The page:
What To Know About Growing Banana From a Seed

Instead of planting a rhizome, you can take the long route and grow the banana from the seed. Unfortunately, you will buy some from a supplier because the commercial fruits are specially modified for the seeds to reduce.

When you find the seeds, soak them for about 48 hours, then plant each at a time in one-inch holes. Ensure that the soil is well draining and moist, not water-logged.

Your seeds should sprout under the proper care, but remember that the process can take longer, germination occurring in 3 weeks to 6 months based on the variety and the prevailing conditions.

Growing a Banana From a Seedling

Starting a banana from a seedling can be tasking since you must start from the seed, wait for it to germinate then care for it until the tree becomes independent.

The most convenient and preferred way to go about it is to propagate using a rhizome; because you don’t have to wait for the germination process.

What Are the Best Growing Conditions for Banana?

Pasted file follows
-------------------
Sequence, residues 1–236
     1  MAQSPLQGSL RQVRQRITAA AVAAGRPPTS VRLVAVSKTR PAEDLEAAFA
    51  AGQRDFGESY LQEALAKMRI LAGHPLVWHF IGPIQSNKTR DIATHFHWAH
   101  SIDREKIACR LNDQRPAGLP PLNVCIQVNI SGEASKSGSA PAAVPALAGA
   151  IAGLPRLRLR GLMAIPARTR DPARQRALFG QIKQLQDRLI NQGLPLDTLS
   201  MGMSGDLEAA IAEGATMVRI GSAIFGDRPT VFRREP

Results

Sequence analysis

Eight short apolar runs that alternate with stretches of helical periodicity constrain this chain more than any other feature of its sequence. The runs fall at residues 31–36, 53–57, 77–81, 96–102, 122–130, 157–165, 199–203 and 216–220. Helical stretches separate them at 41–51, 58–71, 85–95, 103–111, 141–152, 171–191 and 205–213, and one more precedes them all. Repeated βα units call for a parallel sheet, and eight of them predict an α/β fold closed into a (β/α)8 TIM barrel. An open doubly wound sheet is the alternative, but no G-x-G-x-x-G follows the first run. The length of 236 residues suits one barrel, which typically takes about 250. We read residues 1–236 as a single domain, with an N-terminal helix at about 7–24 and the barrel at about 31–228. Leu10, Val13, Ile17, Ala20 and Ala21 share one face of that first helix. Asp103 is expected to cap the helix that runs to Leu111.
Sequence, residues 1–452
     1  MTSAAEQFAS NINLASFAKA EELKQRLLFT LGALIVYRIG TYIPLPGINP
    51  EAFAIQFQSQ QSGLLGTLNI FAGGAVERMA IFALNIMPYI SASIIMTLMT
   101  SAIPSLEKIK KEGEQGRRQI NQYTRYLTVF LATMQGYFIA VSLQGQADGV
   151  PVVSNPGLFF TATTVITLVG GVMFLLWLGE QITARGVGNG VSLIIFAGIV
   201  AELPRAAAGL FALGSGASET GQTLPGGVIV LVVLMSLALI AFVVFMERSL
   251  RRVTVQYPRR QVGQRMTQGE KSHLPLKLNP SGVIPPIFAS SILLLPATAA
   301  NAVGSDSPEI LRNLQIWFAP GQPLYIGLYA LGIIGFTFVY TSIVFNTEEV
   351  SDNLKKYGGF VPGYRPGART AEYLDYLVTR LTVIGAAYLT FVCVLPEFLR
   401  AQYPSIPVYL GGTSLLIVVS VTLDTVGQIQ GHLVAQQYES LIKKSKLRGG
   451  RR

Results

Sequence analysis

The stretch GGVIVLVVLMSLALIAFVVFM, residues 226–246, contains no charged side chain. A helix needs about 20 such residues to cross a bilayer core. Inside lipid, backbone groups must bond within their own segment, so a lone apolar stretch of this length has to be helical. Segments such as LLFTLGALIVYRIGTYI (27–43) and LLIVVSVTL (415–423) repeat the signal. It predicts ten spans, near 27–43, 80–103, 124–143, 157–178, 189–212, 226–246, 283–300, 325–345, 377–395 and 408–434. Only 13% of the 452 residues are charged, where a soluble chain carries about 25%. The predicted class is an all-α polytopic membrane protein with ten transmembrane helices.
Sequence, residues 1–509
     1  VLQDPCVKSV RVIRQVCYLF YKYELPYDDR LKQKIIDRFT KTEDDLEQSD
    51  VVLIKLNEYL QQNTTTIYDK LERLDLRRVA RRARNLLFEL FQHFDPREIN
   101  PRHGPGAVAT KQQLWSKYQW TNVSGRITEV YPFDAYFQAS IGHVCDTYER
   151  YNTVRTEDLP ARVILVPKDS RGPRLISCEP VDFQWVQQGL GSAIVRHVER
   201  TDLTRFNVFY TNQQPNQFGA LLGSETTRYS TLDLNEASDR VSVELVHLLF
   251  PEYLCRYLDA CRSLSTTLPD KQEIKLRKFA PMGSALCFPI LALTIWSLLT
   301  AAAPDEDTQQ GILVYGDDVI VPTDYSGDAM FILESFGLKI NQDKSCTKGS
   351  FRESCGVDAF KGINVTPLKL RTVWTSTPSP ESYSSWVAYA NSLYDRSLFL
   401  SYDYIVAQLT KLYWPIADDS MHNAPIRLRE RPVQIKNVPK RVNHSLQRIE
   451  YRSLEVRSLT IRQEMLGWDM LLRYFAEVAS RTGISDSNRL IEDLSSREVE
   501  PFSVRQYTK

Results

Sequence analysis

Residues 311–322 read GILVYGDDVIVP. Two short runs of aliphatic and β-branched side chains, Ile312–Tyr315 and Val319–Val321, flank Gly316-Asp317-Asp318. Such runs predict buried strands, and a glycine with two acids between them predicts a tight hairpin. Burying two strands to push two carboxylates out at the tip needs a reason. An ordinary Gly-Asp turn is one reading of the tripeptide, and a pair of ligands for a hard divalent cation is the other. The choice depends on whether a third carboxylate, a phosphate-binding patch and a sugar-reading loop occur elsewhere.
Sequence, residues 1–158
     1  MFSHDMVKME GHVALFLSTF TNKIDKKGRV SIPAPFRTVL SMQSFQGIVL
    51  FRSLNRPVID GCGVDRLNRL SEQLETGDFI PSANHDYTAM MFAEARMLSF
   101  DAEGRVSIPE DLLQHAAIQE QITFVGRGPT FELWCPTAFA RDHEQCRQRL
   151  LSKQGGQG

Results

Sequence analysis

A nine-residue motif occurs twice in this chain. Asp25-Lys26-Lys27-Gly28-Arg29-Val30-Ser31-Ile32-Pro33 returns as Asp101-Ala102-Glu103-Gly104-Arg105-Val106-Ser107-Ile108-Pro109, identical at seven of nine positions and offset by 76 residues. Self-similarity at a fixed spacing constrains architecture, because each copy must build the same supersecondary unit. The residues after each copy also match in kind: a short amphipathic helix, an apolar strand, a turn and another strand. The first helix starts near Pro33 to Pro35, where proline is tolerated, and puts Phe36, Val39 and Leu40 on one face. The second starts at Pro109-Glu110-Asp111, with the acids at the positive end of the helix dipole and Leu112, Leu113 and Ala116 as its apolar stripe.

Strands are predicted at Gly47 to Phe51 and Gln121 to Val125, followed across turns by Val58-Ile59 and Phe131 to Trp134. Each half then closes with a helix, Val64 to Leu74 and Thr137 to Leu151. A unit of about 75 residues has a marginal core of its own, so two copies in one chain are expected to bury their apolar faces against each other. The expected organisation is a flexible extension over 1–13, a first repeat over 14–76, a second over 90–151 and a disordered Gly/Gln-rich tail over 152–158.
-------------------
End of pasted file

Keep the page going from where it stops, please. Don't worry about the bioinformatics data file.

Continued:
The following tips will help boost your banana yields.

  • Light

Bananas love the sun and warmth and need about 6 hours daily to grow healthy and strong. However, you can provide partial shade if your variety scorches under extreme sunlight.

  • Soil

For the best results, consider planting your bananas in nutrient-rich, well-draining, slightly acidic soil; they don’t do well in overwatered or salty soil.

  • Water

Regularly watering your banana trees helps replicate their natural tropical habitat. The goal is to make the soil moist, not soggy, or it will affect the plant.

  • Temperature

While these herbaceous plants thrive in humid conditions, they don’t tolerate extreme temperatures. Freezing and sweltering conditions make them die back, and you will have to trim them for better growth.

What Are the Watering Needs for Banana Plants?

Depending on the prevailing temperatures, you can water your banana plants a few times a week, but the primary consideration is that the soil should stay moist.

You can water once a day during summer when the heat levels are high, but they don’t need as much moisture in winter or when it is cooler. Overwatering is a menace to bananas because they are susceptible to root rot, which occurs when the soil is too soggy.11